Home Richmond Press Releases 2012 Serial Bank Robber Sentenced in Virginia to Multiple Life Sentences

Serial Bank Robber Sentenced in Virginia to Multiple Life Sentences

U.S. Attorney’s Office October 17, 2012
  • Western District of Virginia (540) 857-2250

HARRISONBURG, VA—A violent, repeat offender who robbed five banks in three states, fired a gun at a police officer during a three-month crime spree, fled the country, and later tried to escape federal custody was sentenced this afternoon in the U.S. District Court for the Western District of Virginia.

James Louis Whittlesey, 53, formerly of Maryland, previously entered guilty pleas to one count of aggravated bank robbery and two gun charges out of the Western District of Virginia. The defendant also entered guilty pleas to two counts of aggravated bank robbery stemming from a pair of bank robberies in the Middle District of Pennsylvania, one count of aggravated bank robbery for a separate incident in the Eastern District of Pennsylvania, another count of aggravated bank robbery for an incident in the District of Delaware, and one count of attempted escape for acts undertaken in the District of Vermont.

This afternoon in U.S. district court in Harrisonburg, Whittlesey was sentenced to six life sentences and ordered to pay approximately $27,000 in restitution.

“Mr. Whittlesey is a violent, desperate man whose crime spree endangered communities up and down the East Coast,” U.S. Attorney Timothy J. Heaphy said today. “Today’s sentence is a harsh but just result for someone who brazenly fired at a police lieutenant in Winchester, Virginia, and then fled to Canada. The investigation and prosecution of this case is the product of cooperative law enforcement by agencies on both sides of the border. Their hard work ensures that Mr. Whittlesey will never again put so many innocent people at risk.”

“Mr. Whittlesey’s penchant for criminal activity, coupled with his reckless disregard towards law enforcement and the community, culminated in an exchange of gunfire with police and fleeing the scene in a vehicle—risking the safety of nearby schoolchildren and citizens. The investigative work of many law enforcement agencies within the United States coupled with that of the Canadian authorities, has ensured Whittlesey was brought to justice and today’s sentence is certainly fitting,” said Jeffrey C. Mazanec, Special Agent in Charge of the FBI’s Richmond Division.

Whittlesey previously admitted to robbing a total of five banks between July 19, 2011 and October 14, 2011.

The defendant’s robbery spree began on July 19, 2011, when Whittlesey walked into the M&T Bank in Fawn Grove, Pennsylvania, and pointed a revolver at two tellers before demanding money and yelling at the tellers that this was not a joke. Less than 10 days later on July 27, 2011, Whittlesey entered the Citizen’s Bank in Willow Street, Pennsylvania, and announced a robbery by again pointing a revolver at the tellers. He demanded large bills and threatened to kill them if he discovered any “funny money” in the bag.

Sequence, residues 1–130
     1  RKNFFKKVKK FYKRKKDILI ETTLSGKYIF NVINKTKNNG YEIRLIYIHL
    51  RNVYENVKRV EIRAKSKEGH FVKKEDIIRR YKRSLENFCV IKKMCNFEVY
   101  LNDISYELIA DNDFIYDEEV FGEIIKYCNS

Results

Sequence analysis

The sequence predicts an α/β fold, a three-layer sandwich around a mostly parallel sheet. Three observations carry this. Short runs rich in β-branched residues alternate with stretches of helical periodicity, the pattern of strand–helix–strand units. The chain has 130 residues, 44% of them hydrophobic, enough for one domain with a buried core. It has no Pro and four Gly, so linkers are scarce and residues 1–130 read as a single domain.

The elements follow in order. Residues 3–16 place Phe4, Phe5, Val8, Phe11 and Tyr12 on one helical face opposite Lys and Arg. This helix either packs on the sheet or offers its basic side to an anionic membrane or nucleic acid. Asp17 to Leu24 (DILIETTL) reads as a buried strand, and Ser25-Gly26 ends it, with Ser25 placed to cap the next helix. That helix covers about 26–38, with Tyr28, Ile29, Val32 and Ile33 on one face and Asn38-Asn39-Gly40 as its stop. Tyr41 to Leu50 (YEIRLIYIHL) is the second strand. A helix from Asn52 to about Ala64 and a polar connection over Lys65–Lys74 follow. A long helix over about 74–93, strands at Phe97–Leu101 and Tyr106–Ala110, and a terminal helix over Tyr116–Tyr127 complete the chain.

Whittlesey struck again on August 12, 2011, at the M&T Bank in Wilmington, Delaware. The defendant brandished a revolver, threw a gym bag on the counter and said, “No change, big bills, no BS.” Two months later, on October 7, 2011, Mr. Whittlesey walked into the M&T Bank in Lemoyne, Pennsylvania, displayed a revolver and demanded large bills and no “funny money.”

Finally, on October 14, 2011 in Winchester, Whittlesey again pointed his .38 caliber revolver at the tellers at a United Bank and demanded money. After receiving money and leaving the bank, Whittlesey was encountered by police. He responded by firing several shots at a uniformed officer before fleeing in a car. Soon thereafter, the defendant crashed the vehicle and escaped apprehension through a drainage pipe nearby. He hitchhiked to Interstate 81 and eventually made his way to Maryland. He then stole a car and drove to Canada, where he abandoned the car three-fourths of a mile from the Canadian border in Vermont.

On December 11, 2011, Whittlesey was arrested in Montreal. After he was deported from Canada, he was transported to the United States and delivered to the custody of federal agents. While being transported to federal court in Vermont to have his initial appearance on the Virginia federal charges, the defendant attempted to escape by removing his leg shackles, hand cuffs, and waist belt and jumping from the window of an SUV. Whittlesey was quickly apprehended by officials and transferred to the Western District of Virginia to face his federal charges after a court appearance in Vermont.

The investigation of these cases was conducted by the FBI; the Winchester Police Department; the Virginia State Police; the Frederick County, Virginia Sheriff’s Office; the Winchester City Sheriff’s Office; the Warren County, Virginia Sheriff’s Office; the Maryland State Police Fugitive Apprehension Team; the Baltimore County, Maryland Police Department; the Delaware State Police; the Pennsylvania State Police; U.S. Customs and Border Patrol; the Montreal Police Department; the Royal Canadian Mounted Police; the Canadian Border Services Agency; INTERPOL; multiple other local law enforcement agencies in Pennsylvania and Delaware; and the Virginia Forensics Science Lab. Assistant U.S. Attorney Nancy Healey prosecuted the case for the United States with assistance from the U.S. Attorney’s Offices in the District of Delaware, the Middle District of Pennsylvania, the Eastern District of Pennsylvania, and the District of Vermont.